“Though force can protect in emergency, only justice, fairness, consideration and cooperation can finally lead men to the dawn of eternal peace.”
Dwight David Eisenhower
“The world is a dangerous place, not because of those who do evil, but because of those who look on and do nothing.”
Young people must be awfully puzzled from time to time by the actions of adults.
When I was in elementary school, I was in a Brownie Scout troop. My mother was one of our troop leaders.
We met at this great old building in my hometown of Grenada, long gone now, and we did crafty projects, visited nursing homes on holidays and learned all the ins and outs of Girl Scouting.
Two of the things we learned – and memorized – were the oath and the law.
The Girl Scout law means a lot more to me now as an adult than it did when I was a kid. “I will do my best to be, Honest and fair, Friendly and helpful, Considerate and caring, Couragous and strong, Responsible for what I say and do, And to respect myself and others, Respect authority, Use resources wisely, Make the world a better place, And be a sister to every Girl Scout.”
Just before the summer of 1967, the members of my Brownie troop took part in a “fly-up” ceremony in which we became Girl Scouts.
We were proud to be leaving behind our basic brown for the more fashionable green-belted, shirtwaist uniform with dark green sash to hold all the badges for which we’d work.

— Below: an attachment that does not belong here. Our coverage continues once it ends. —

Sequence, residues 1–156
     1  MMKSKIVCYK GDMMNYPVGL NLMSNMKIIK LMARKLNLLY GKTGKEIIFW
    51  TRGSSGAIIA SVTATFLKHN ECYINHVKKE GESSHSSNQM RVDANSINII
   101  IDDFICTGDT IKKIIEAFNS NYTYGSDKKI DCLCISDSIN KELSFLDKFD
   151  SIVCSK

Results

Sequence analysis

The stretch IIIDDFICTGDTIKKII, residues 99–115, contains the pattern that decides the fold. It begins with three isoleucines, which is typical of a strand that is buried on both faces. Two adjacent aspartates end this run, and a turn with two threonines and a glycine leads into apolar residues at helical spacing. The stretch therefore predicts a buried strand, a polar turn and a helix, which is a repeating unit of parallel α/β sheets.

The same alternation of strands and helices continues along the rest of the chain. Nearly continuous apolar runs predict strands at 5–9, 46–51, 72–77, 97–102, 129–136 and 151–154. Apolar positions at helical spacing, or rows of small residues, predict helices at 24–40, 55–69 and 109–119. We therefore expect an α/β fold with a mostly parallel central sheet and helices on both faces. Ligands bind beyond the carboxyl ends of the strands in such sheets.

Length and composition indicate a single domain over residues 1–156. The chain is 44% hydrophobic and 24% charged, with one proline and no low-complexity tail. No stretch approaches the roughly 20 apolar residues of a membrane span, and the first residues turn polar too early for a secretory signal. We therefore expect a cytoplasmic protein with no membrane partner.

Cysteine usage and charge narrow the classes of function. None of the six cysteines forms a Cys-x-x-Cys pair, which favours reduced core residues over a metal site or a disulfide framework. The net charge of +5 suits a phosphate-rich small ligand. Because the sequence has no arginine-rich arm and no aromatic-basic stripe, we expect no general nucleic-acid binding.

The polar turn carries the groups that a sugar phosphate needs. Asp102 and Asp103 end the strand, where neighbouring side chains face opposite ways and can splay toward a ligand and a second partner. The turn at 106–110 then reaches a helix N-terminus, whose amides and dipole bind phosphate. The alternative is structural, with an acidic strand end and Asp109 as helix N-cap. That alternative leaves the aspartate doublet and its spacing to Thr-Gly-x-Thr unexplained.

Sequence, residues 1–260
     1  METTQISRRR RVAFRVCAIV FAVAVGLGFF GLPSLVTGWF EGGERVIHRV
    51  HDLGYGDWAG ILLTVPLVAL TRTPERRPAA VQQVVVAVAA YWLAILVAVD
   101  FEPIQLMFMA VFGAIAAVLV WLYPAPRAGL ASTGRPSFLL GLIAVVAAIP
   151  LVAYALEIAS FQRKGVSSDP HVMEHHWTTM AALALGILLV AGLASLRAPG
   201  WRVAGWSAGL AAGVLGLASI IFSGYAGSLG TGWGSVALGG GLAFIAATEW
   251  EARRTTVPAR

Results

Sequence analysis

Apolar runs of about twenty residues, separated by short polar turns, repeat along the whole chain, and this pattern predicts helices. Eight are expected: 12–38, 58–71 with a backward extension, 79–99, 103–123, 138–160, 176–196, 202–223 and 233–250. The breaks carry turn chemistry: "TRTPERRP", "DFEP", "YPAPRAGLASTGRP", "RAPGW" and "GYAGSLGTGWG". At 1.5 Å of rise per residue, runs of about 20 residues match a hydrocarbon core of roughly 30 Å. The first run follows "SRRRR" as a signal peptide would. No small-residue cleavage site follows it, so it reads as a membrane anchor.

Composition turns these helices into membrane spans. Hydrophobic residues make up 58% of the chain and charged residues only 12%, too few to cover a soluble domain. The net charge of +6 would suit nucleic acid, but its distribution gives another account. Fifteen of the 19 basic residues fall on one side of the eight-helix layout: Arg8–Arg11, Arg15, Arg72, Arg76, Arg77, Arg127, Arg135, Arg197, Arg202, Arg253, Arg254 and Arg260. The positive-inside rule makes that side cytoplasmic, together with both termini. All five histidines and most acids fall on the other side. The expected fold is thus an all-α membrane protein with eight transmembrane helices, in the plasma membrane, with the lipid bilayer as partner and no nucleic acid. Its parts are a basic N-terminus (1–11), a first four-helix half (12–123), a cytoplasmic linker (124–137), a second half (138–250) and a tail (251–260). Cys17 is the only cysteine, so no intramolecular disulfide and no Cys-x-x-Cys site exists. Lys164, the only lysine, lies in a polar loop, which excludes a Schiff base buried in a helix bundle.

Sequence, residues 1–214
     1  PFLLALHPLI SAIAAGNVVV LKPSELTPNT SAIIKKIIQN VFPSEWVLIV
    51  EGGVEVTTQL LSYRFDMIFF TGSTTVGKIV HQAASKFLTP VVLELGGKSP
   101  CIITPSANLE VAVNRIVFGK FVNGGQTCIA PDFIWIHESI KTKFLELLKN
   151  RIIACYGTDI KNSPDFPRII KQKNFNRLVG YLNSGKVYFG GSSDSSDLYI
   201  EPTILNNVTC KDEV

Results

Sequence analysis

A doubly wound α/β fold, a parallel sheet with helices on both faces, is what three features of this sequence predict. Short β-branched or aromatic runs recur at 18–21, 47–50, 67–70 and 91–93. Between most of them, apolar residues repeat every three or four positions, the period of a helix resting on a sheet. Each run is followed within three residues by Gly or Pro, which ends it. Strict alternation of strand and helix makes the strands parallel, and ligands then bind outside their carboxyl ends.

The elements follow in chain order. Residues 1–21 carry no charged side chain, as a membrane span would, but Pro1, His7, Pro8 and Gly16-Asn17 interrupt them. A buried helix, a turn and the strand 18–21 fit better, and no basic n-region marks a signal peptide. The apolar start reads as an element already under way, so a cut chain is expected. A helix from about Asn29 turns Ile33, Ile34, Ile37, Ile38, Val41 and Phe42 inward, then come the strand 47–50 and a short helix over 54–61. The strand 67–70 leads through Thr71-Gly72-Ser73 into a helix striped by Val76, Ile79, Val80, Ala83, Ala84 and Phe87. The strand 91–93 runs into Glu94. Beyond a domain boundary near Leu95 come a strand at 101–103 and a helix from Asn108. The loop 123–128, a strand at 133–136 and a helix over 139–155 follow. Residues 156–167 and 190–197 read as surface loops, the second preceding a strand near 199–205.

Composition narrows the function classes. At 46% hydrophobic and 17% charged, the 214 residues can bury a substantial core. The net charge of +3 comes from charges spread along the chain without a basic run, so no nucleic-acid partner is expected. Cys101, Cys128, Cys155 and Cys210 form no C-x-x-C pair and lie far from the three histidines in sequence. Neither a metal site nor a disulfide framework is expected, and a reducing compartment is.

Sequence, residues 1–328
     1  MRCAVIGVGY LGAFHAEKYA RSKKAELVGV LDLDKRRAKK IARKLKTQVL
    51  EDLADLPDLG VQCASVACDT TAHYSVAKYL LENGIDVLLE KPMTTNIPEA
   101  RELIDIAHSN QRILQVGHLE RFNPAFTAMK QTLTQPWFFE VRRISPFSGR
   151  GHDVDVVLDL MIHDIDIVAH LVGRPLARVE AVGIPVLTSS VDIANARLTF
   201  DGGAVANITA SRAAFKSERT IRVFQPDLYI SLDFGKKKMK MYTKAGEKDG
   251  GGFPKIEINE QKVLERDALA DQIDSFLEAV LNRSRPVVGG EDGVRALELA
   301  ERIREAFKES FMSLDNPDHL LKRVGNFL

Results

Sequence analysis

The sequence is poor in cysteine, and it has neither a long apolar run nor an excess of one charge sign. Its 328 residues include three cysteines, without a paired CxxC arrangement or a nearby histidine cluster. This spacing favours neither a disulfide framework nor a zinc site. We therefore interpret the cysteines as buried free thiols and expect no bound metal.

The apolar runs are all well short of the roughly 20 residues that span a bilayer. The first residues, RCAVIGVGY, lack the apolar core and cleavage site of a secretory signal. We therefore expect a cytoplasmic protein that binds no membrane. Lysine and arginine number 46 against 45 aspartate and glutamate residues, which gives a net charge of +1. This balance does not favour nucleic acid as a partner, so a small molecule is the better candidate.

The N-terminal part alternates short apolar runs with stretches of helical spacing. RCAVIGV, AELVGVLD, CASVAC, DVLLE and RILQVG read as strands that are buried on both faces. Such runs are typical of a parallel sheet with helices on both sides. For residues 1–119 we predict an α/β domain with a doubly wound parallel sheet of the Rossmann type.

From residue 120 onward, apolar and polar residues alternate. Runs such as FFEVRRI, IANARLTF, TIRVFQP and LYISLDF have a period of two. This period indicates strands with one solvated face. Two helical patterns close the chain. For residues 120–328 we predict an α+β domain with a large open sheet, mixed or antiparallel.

But something happened that summer that changed things for all of us Girl Scout hopefuls.
Because there were young African-American girls who also wanted to be a part of Scouting, many white adults saw red. Meetings were held, voices were raised, decisions were made.
I remember the day my mother told me I would not be able to be a Girl Scout.
My mother was furious at a group of adult men in our town who sought to “protect” their wives and children from integrated Scout troops. Rather than allow black and white children to recite that forward-thinking law together in a troop, none of us would have the privilege of becoming a part of the organization that sought to teach young girls ways to make the world a better place.
Something similar is happening now to young boys in Boy Scout troops in Tupelo and beyond.
It all started when the Boy Scouts of America’s policy changed to welcome openly gay kids into Scout troops.
There’ve been gay Boy Scouts since Robert Baden-Powell started Scouting for the Brits in 1908, but “don’t ask; don’t tell” made everything fine.
Now that it’s OK for young boys to be Scouts and live honestly, some organizations no longer wish to sponsor troops.
I’m sure a lot of kids simply don’t understand.
But then, neither do a lot of adults.